Qld on high alert over mutant UK strain
Queensland health authorities are on high alert after a mutant, super-spreading strain of COVID-19 was found in Australia.
A woman, whose husband was forced into home quarantine after being identified as a close contact of the COVID-infected person who attended The Glen Hotel last Wednesday, told The Courier-Mail that a Queensland Health contact tracer had sounded the alarm over the new UK strain, which is feared to be 70 per cent more contagious.
A Queensland Health spokesperson yesterday said that authorities were concerned about "all variations of COVID-19".
"We knew from the start that this pandemic would be a rapidly evolving situation with many challenges, and we are prepared," the spokesperson said.
"This is why we have mandatory hotel quarantine in place - to keep this virus out of Queensland."
NSW Chief Health Officer Kerry Chant yesterday said she was concerned about the highly-infectious strain and confirmed two returned travellers from the UK in hotel quarantine had tested positive for the mutant variation, but said it had not been detected in the 83 cases in the Sydney cluster, or in Queensland.
The mutant strain has wreaked havoc in the UK, forcing London and the UK's southeast into its strictest lockdown rules since the beginning of the pandemic.
UK Chief Medical Officer Chris Whitty said the new variant was responsible for 60 per cent of infections in London in December, which have nearly doubled in the past week. France and Denmark yesterday joined a growing list of countries imposing travel restrictions on the UK, suspending all flows of people from there for 48 hours.
Prime Minister Scott Morrison said Australia would follow medical advice on the UK strain but added there were "no plans to go down the path" of banning UK flights.
The woman told The Courier-Mail that her husband - who attended The Glen Hotel in Eight Mile Plains last Wednesday but had since tested negative for COVID-19 - was directed to self-isolate at home until December 30 as a result of being in close contact of a confirmed case. That is a condition of normal quarantine requirements.
But she said the contact tracer mentioned authorities feared "a new more dangerous strain of COVID-19 could be in Australia".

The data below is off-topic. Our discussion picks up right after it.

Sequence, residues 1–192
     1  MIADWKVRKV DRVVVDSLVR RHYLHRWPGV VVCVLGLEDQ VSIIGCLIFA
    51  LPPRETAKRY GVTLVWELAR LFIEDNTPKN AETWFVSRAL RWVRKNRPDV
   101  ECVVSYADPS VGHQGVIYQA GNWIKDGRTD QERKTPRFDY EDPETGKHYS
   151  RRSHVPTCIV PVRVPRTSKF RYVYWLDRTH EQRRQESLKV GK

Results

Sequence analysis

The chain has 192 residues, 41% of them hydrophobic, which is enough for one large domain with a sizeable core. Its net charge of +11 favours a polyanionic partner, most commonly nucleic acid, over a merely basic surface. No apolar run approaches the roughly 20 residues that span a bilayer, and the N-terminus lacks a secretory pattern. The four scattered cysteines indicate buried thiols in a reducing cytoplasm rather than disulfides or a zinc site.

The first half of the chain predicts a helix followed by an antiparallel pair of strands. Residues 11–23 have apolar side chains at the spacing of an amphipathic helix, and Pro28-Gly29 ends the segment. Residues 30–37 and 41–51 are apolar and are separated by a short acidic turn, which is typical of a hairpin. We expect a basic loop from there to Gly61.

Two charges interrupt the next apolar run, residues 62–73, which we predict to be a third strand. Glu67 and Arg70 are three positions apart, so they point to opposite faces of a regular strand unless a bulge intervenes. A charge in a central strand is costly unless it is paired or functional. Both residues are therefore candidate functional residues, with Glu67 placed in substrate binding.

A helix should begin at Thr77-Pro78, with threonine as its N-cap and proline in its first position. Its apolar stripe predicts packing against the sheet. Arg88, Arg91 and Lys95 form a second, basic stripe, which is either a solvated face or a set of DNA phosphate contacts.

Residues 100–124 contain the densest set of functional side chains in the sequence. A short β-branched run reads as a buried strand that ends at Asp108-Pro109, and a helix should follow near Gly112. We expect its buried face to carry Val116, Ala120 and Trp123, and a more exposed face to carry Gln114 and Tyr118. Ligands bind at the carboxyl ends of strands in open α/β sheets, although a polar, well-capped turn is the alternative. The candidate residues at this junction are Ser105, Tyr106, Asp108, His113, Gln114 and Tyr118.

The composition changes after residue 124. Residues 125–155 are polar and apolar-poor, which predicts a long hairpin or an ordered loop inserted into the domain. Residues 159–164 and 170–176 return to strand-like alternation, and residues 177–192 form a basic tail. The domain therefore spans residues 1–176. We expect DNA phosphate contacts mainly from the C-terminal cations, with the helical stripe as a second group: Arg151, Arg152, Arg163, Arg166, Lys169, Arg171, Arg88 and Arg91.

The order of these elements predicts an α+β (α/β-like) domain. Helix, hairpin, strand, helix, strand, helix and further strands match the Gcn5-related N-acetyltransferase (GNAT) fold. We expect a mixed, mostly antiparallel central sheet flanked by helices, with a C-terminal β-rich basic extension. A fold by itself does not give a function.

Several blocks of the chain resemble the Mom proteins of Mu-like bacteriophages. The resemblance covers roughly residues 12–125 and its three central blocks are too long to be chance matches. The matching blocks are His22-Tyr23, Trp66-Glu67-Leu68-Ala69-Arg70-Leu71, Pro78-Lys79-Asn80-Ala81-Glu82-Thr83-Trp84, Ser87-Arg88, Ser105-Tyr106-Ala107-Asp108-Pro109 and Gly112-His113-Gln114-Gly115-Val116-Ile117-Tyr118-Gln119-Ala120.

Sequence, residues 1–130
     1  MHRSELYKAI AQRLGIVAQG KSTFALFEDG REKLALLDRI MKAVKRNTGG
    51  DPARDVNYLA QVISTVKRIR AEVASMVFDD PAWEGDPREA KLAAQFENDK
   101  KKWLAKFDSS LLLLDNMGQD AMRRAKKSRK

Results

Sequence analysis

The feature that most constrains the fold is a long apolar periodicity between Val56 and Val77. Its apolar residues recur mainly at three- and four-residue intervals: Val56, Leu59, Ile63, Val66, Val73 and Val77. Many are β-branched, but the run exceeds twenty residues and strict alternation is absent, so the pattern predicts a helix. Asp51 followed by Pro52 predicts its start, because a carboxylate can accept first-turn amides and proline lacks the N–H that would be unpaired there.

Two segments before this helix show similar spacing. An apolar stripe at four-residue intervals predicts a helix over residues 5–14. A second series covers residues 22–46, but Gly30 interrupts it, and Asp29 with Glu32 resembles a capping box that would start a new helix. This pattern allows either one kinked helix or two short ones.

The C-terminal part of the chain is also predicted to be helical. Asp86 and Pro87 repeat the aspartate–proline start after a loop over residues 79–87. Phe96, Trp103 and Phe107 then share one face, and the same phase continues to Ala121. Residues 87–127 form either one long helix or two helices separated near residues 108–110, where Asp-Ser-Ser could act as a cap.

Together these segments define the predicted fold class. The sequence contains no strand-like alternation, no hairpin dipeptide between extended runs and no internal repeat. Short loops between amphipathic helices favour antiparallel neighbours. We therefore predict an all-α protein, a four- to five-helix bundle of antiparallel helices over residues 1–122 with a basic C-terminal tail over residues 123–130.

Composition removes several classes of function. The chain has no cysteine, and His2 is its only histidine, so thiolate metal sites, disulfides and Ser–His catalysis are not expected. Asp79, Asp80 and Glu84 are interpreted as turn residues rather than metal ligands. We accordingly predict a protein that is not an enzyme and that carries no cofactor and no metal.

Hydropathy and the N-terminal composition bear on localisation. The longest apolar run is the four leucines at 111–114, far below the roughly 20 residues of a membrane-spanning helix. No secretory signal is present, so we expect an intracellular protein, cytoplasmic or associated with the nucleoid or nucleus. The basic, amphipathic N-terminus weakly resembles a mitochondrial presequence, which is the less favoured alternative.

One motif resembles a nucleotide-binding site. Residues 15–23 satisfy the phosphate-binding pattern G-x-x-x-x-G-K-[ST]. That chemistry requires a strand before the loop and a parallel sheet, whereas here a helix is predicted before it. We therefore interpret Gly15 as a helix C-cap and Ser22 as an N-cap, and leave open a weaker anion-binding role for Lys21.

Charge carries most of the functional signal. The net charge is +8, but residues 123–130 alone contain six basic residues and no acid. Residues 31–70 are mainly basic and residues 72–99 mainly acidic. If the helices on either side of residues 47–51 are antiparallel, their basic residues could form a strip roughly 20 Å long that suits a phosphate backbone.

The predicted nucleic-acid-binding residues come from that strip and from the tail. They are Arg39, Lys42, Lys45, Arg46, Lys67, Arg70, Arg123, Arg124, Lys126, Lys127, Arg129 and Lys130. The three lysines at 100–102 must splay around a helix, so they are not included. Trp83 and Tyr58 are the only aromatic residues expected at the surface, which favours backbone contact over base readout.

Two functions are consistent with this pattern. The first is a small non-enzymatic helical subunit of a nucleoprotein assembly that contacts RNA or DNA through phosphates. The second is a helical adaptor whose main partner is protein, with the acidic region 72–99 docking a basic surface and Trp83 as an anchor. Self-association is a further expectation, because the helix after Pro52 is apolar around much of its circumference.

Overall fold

"We fully support the strong stance the Queensland Premier has taken to keep us safe. She's done a remarkable job," the woman said.
Queensland Chief Health Officer Dr Jeannette Young yesterday confirmed there were 26 close contacts of Northern Beaches COVID-19 cases in Queensland. Of those, 20 had returned negative results with all in either home or hotel quarantine.
Dr Young again called for anyone who had been at The Glen Hotel on December 16 to come forward and get tested. She said 560 people had already come forward but authorities were unsure if everyone who had been at the venue had done so.
As part of the crackdown on businesses still using paper-based check-in systems, Health Minister Yvette D'Ath said 20 teams of compliance officers would check electronic register use.
It comes as Federal Health Minister Greg Hunt rubbished Premier Annastacia Palaszczuk's call for a national cabinet meeting if the NSW outbreak worsened.
National cabinet met multiple times a week at the height of the COVID-19 crisis but the gatherings have tapered off as case numbers were brought under control.
While the next meeting is scheduled for February, Queensland Premier Annastacia Palaszczuk has said she would push for a meeting to be convened if the NSW situation continued to escalate.
But Mr Hunt has resisted calls for an emergency meeting, saying the nation's medical expert panel was already meeting daily to monitor the situation.
"There's daily engagement between the commonwealth and all of the states through the medical expert panel and we continue to work with colleagues, we continue to provide commonwealth support."
Originally published as Qld on high alert over mutant UK strain